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  • The Unhappily Dead by Rene Ricard

The Unhappily Dead by Rene Ricard

Petersburg Press

Colour Lithograph


Edition Size: 28

Sheet Size: 31 x 23.5 unfolded to 31 x 47 inches


Condition: Pristine

Details — Click to read

Paper 31 in. x 47 in. / 79 cm. x 120 cm. folded to 31 in. x 23.5 in. x 79 cm. x 60 cm. Lithograph and etching on Arches paper. Edition 28: this impression 28/28. Signed by the artist in red pencil lower right; numbered 28/28 in black crayon lower left.

Ricard wrote the work’s title, “The Unhappily Dead”, at the top of the composition, and below it, a poem in cursive reading: “Suddenly cabs don’t stop for you / Your job gets lost you end up living off your friends / If they see you. You’re always hungry and keep losing weight. You / Move into a room in a huge / Bldg in Chelsea. It takes / An Eternity to realize you are in Hell / RR”.

The tranquil colors of the gradient are at odds with the somber tone of the poem, and the arc of the black marks around the text suggests a gravestone. The black layer is printed to reveal the shape of the stone on which Ricard would have drawn this composition. The heavy, flat limestone slabs traditionally used to print lithographs further recall the shape and weight of a gravestone — a tongue-in-cheek reference typical of Ricard’s work. The lithography stone as medium and as visual motif is a recurrent theme in his prints. Here, the artist’s black shading reveals the natural chipping on the side of the stone. Scratches and scribbling form a rich texture that enhances the emotional intensity of Ricard’s frenzied cursive.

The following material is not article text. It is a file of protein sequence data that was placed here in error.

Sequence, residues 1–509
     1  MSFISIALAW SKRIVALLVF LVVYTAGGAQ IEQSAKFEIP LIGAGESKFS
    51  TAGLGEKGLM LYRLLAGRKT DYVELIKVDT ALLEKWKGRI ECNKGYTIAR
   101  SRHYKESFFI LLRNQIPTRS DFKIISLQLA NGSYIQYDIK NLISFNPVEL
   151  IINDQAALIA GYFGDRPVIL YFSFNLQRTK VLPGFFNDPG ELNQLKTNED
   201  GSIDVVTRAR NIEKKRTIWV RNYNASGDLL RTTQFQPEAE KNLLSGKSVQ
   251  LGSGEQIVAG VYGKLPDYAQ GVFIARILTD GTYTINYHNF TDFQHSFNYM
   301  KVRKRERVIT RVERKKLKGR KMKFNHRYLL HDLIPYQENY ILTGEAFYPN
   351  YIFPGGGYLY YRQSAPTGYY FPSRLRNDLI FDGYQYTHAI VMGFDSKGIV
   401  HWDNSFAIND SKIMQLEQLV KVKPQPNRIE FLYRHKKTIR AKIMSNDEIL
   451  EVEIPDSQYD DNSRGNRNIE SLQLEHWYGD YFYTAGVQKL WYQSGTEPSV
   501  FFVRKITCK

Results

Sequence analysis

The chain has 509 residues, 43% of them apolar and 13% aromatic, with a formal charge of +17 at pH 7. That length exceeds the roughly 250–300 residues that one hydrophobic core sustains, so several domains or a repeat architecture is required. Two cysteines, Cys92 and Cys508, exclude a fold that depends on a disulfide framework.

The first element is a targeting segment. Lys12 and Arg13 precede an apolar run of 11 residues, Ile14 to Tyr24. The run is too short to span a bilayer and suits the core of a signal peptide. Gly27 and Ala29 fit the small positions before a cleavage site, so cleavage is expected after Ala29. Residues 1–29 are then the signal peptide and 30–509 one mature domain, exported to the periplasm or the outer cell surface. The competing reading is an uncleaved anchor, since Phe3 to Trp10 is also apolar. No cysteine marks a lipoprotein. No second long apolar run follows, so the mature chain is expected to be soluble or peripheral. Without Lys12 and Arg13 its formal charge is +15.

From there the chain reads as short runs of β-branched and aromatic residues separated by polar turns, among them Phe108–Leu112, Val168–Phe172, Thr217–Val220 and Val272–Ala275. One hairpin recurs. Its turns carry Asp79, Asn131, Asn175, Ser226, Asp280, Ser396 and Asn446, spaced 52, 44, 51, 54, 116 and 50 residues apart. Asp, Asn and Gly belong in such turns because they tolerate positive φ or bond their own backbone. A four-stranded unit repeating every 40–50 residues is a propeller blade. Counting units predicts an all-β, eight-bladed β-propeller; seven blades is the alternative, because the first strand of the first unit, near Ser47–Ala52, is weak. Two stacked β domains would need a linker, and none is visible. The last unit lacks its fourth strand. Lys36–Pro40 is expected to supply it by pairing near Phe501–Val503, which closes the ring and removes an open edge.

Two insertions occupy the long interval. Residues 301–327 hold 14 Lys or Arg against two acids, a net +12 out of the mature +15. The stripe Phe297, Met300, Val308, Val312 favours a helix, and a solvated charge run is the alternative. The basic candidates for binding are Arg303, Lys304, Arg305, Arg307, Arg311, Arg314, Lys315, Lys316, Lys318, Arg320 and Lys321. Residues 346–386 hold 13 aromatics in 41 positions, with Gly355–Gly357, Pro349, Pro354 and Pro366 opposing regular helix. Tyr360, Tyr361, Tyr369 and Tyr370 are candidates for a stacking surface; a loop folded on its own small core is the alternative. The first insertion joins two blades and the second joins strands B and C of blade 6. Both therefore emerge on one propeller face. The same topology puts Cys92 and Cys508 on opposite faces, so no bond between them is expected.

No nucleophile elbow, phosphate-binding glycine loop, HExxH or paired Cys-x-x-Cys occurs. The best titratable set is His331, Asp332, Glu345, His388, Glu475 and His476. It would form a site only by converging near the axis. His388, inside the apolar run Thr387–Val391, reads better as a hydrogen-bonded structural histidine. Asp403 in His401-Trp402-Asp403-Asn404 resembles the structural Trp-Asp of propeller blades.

The Artist

Rene Ricard

In the 1980s, he wrote a series of influential essays for Artforum magazine. Having achieved stature in the art world by successfully launching the career of painter Julian Schnabel, Ricard helped bring Jean-Michel Basquiat to fame. In December 1981 he published the first major article on Basquiat, entitled “The Radiant Child,” in Artforum. Ricard also contributed art essays to numerous gallery and exhibition catalogs. Ricard was immortalized by Basquiat in the drawing entitled Rene Ricard / Axe, representing the tension that existed between the two. Andy Warhol called him “the George Sanders of the Lower East Side, the Rex Reed of the art world.”

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